Janet Cardiff

The Forty Part Motet (A reworking of “Spem in Alium,” by Thomas Tallis 1556)

2001

Medium
Forty-track sound recording, forty speakers
Duration
14 min.
Musician
Salisbury Cathedral Choir
Producer
Field Art Projects
Editor
George Bures Miller
Credit
Gift of Jo Carole and Ronald S. Lauder in memory of Rolf Hoffmann
Object number
424.2002.a-k
Copyright
© 2017 Janet Cardiff. Courtesy of the artist and Luhring Augustine, New York and Galerie Barbara Weiss, Berlin.
Department
Media and Performance Art
This work is not on view.
Janet Cardiff has 2 works online.
There are 392 installation works online.
There are 343 audio works online.

In The Forty Part Motet, the sublime glory that the divine has held in the imagination of believers for centuries is made palpable. Cardiff's installation is a reworking of a choral piece for forty male voices (bass, baritone, alto, tenor, and child soprano) by Tudor composer Thomas Tallis, which he likely composed to honor Queen Elizabeth I on her fortieth birthday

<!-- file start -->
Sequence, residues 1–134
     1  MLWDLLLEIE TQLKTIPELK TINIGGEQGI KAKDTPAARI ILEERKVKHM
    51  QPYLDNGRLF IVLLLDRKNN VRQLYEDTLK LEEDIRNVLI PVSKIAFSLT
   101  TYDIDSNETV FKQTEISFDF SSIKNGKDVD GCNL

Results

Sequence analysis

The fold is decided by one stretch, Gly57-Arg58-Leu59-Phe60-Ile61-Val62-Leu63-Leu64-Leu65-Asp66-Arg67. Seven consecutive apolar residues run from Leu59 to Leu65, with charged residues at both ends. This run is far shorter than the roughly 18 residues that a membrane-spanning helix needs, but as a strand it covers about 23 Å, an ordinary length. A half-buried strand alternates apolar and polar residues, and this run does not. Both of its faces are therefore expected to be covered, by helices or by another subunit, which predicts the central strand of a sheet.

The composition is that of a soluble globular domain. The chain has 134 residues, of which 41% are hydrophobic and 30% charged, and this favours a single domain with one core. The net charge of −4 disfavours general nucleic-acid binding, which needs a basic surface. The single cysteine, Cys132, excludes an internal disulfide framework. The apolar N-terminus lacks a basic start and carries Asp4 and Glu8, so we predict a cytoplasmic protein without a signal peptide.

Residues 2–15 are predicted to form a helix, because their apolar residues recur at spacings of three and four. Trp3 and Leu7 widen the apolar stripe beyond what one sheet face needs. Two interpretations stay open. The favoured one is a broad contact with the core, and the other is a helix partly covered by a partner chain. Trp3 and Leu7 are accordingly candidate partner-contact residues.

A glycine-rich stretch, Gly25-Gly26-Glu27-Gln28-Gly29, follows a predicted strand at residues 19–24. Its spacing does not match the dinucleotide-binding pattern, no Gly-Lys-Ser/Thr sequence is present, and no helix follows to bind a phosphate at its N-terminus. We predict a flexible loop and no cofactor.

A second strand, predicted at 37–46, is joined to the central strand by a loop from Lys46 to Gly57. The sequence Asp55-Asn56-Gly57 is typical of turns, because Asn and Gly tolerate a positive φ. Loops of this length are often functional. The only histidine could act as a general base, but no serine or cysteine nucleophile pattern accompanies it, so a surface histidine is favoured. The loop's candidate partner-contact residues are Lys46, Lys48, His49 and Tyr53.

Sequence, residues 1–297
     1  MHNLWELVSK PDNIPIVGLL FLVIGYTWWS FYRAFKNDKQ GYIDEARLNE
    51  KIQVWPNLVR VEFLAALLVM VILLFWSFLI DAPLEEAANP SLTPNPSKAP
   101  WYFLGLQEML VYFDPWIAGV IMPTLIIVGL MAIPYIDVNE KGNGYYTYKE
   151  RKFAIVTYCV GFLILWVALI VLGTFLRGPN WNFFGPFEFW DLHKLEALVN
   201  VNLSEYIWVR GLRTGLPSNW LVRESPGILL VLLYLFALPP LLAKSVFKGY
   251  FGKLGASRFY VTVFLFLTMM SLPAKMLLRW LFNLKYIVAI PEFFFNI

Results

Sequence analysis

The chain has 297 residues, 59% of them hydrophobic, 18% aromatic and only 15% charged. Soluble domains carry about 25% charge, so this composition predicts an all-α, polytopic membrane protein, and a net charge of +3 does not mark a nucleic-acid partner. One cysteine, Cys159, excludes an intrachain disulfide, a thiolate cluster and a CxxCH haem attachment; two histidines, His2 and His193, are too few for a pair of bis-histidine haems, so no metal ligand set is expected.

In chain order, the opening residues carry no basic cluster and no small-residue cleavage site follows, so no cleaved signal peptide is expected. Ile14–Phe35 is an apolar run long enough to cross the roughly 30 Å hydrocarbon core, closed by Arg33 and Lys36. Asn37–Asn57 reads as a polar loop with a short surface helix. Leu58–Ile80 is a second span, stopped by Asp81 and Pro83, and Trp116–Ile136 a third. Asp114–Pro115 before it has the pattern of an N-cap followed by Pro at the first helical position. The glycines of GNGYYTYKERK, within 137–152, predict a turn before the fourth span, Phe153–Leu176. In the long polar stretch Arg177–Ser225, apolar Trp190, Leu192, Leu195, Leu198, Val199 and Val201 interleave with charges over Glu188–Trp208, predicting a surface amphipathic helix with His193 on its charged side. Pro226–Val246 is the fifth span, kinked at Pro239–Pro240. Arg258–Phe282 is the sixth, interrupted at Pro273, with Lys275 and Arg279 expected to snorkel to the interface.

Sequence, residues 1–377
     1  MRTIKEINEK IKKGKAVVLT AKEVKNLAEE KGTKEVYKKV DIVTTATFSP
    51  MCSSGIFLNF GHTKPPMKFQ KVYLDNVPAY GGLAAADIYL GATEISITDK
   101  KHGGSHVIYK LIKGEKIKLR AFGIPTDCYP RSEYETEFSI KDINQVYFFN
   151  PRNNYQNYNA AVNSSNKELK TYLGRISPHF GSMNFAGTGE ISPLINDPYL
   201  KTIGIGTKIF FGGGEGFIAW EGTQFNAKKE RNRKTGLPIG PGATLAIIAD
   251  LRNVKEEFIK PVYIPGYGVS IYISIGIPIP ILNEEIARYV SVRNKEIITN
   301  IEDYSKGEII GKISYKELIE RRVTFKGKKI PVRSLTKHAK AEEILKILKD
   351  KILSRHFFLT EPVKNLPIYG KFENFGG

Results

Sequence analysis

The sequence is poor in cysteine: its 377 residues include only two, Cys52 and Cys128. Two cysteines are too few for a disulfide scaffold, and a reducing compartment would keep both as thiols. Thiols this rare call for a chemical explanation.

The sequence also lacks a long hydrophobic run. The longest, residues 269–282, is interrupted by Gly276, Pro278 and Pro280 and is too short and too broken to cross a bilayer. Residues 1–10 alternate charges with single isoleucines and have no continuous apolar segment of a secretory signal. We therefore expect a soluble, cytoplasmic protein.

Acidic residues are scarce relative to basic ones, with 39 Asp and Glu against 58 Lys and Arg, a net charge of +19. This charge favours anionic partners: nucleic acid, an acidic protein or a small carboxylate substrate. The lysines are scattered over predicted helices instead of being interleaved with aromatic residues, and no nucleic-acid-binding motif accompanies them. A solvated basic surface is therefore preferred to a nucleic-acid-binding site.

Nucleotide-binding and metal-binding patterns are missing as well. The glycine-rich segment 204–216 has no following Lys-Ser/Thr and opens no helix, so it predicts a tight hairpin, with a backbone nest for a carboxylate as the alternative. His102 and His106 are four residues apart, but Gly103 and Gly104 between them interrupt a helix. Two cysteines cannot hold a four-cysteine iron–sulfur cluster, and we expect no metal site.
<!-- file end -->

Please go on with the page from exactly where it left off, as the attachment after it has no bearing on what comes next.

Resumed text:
The audio component of The Forty Part Motet is a fourteen-minute loop: eleven minutes of singing and three minutes of intermission. The voices of forty singers performing Spem in Alium Nunquam habui were each recorded separately and are played back in the installation via forty individual loudspeakers on tripods. The speakers are arranged in a large circle, and as visitors wander among them and progress through the work, they hear each distinct voice and also experience different combinations and harmonies. A visitor can stand in the middle of the installation and hear all forty voices as they unify into one musical piece or move close to an individual loudspeaker for an intimate experience with a single voice.

Publication excerpt from The Museum of Modern Art, MoMA Highlights since 1980, New York: The Museum of Modern Art , p. 195

If you would like to reproduce an image of a work of art in MoMA's collection, or an image of a MoMA publication or archival material (including installation views, checklists, and press releases), please contact Art Resource (publication in North America) or Scala Archives (publication in all other geographic locations).

If you would like to license audio or video footage produced by MoMA, please contact Scala Archives (all geographic locations) at firenze@scalarchives.com.

If you would like to reproduce text from a MoMA publication or moma.org, please email text_permissions@moma.org. If you would like to publish text from MoMA's archival materials, please fill out this permission form and send to archives@moma.org.

This record is a work in progress. If you have additional information or spotted an error, please send feedback to digital@moma.org.